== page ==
Like I had shared in previous posts, I had bought e-courses to improve my skin conditions and I also consumed raw sprouts to boost my immunity. Eczema can be treated but it might never be totally cured.

After 6 years, I learned to be content to keep it under control and enjoy the eczema free period as long as I can. It is possible to have a totally eczema-free skin for 1 -2 years. It is possible to keep it under control with just a few red bumps when it does surface again. The onus is on you to take precautions to prevent it from deteriorating or recurring. The responsibility is yours to take care of your diet and hygiene.

Additional Reading:

Read Vivienne’s earlier posts on Eczema:
What’s so Depressing about having Eczema?

Can Eczema Be Prevented?

[tags]can eczema be treated, eczema treatment[/tags]

What’s so Depressing about having Eczema?

26076997_sCount yourself very fortunate if you never ever had eczema before – whether as a child or an adult. Some women have been known to develop eczema during pregnancy or after child-birth. It is quite difficult to diagnose the cause of eczema unless you go through an extensive series of tests with your dermatologist.

When I was diagnosed in 2001, the good doctor could only classify it as atopic eczema. She said if I were to know what was the source, I would have to go through a series of tests. Even then, she could not guarantee that the results will be conclusive. Many times it is difficult to identify the exact trigger that causes a flare-up.I decided against it as there was no real cure for eczema.

Since then, my skin will flare up periodically. It was very depressing and agonizing as the itch was excruciatingly unbearable. The more I scratched, the more the affected area hurt and itched. The more it hurt and itched, the more I wanted to hit, scratch or even claw at my skin. At times when I couldn’t tolerate it any more, I put a cloth over the affected area to scratch or claw with my fingers. The cloth reduced the risk of my skin breaking. The nights were worse. I would be gripping my hair at the temple, screaming silently as the burning sensation and itch kept me pacing up and down.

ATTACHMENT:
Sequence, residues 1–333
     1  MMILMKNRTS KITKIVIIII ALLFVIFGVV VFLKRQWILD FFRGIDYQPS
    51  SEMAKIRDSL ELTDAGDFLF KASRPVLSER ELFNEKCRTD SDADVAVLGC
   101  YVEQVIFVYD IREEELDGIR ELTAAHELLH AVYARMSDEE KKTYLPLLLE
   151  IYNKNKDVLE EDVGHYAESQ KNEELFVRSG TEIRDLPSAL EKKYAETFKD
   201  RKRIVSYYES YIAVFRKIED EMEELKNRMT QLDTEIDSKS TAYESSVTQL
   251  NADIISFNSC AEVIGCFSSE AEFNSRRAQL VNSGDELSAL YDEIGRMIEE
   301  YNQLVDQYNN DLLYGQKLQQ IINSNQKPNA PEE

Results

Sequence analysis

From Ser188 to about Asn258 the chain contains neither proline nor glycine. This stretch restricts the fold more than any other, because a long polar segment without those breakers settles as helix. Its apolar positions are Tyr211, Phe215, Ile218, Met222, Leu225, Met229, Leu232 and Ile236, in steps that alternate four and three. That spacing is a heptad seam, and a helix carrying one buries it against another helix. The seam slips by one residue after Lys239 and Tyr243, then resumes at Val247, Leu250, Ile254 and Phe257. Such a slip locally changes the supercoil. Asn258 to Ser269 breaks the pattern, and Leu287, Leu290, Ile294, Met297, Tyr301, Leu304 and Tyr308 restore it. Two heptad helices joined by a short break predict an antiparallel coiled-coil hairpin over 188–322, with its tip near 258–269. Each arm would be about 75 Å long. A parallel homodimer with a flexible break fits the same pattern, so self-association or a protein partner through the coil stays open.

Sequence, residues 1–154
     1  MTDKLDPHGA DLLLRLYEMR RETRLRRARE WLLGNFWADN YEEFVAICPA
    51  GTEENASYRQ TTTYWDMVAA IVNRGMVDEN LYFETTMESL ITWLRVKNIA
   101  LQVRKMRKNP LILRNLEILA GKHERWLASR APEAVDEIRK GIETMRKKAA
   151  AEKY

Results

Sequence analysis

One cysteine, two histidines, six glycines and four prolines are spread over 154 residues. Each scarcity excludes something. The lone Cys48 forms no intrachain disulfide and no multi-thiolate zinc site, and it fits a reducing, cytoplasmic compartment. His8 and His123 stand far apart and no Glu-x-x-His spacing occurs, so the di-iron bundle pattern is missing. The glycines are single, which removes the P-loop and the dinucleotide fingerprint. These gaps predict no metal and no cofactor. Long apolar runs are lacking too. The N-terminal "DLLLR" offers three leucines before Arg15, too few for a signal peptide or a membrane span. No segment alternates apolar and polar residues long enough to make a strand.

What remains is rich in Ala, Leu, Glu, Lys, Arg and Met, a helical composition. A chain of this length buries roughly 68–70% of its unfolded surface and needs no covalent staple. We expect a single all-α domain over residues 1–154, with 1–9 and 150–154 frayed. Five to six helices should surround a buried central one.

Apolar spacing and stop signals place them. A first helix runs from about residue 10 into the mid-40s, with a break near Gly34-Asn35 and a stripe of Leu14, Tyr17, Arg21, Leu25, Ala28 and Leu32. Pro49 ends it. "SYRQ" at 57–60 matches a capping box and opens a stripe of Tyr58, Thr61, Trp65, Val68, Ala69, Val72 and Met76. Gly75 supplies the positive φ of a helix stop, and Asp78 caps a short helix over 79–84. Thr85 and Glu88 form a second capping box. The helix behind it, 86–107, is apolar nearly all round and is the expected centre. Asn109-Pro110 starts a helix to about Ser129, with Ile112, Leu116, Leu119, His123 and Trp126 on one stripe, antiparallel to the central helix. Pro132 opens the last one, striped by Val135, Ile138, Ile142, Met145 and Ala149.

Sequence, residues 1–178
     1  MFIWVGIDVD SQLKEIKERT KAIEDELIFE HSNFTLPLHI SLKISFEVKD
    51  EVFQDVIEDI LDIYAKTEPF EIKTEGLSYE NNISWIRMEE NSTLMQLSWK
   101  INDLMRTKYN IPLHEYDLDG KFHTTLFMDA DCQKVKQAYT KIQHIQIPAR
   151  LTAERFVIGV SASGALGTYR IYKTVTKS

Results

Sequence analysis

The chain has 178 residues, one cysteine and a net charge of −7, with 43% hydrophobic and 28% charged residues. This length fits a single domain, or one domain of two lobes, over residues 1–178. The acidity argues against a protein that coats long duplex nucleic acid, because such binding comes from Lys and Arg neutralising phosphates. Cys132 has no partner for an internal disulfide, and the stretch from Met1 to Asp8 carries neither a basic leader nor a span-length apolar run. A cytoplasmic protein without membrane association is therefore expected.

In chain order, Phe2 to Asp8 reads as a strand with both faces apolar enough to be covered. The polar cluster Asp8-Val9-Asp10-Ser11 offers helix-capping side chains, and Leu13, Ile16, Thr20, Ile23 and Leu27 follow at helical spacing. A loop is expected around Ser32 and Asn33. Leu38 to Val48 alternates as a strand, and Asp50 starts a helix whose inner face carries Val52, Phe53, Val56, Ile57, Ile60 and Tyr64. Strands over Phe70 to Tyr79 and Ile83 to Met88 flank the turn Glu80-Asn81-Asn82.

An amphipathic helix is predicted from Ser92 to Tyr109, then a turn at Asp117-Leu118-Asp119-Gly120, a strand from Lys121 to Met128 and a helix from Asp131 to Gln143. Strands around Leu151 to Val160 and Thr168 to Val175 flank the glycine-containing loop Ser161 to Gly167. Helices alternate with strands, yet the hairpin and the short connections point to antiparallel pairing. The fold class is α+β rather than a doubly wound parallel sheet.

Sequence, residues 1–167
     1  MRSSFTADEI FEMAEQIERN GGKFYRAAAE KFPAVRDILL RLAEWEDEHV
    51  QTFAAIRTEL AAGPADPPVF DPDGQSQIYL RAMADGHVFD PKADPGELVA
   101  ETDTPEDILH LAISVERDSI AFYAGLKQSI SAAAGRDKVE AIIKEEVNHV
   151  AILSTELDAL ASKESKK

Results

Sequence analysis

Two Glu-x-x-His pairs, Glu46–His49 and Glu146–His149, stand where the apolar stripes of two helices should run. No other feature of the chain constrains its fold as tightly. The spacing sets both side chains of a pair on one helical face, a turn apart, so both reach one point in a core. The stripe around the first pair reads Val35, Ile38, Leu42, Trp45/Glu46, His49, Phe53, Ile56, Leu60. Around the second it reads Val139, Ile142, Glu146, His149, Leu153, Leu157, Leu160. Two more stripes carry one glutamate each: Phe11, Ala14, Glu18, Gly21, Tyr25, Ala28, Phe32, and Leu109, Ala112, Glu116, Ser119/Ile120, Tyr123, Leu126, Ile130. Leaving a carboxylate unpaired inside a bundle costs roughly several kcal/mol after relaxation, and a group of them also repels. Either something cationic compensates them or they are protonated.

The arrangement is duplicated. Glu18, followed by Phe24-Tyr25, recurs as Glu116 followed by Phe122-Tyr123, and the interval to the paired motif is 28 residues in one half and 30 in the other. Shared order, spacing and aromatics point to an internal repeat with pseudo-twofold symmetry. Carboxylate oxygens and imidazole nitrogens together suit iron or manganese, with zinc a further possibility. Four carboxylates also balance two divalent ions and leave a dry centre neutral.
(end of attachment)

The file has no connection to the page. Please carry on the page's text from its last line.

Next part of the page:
What does eczema look and feel like?
Although eczema may look different from person to person, it is most often characterized by dry, red, extremely itchy patches on the skin. Eczema is sometimes referred to as “the itch that rashes,” since the itch, when scratched, results in the appearance of the rash. Most sufferers will hide that part of body from sight. I was wearing pants and ankle long skirt for almost 2 years because my legs, from thigh to ankle, were usually red and sometimes even weepy. The legs were dry, leathery and scared even when the red patches subside. This is known as skin thickening or lichenification.

What makes patients with eczema itch?
The trigger will be different for different sufferers. For some, it could be rough or coarse fabrics that come into contact with the skin. For others, the hot weather caused them to perspire and would lead to an outbreak. While some would find that certain soaps, detergents, disinfectants, contact with juices from fresh fruits and meats, dust mites, and even animal saliva could trigger itching. Upper respiratory infections and stress can also sometimes worsen an existing flare-up.

How common is eczema?
The National Institutes of Health estimated that 15 million people in the United States have some form of eczema. About 10-20 percent of all infants have eczema. Fortunately, 50% of them will show very little symptom between 5 and 15 years old. Others will have some form of the disease throughout their lives.

What did I do?
I tried everything I deemed safe. I got the dermatologist’s prescription of oral medicine and ointment including steroids, urea cream, hydrocortizone, moisturizer, etc. I sought holistic treatments like aromatherapy and essential oils; I used blended concoction of vitamin E oil and patchuli. I consulted a dietitian to work out a diet plan. Recently I started sprouting and started to eat raw sprouts to boost my immunity and enzyme levels. I also bought e-courses to make sure that eczema stay away as long as possible. The reason for trying out alternative and holistic approaches is because of the side effects (including skin thinning) for prolonged usage of oral and external medicine.

Frustrating as it is, life still goes on. Read fellow sufferer, Rachel Anderson, sharing her experience and cure at Eczema Free Forever

Additional Reading:

Read Vivienne’s earlier posts on Eczema:
How Can Eczema be Treated?

Can Eczema Be Prevented?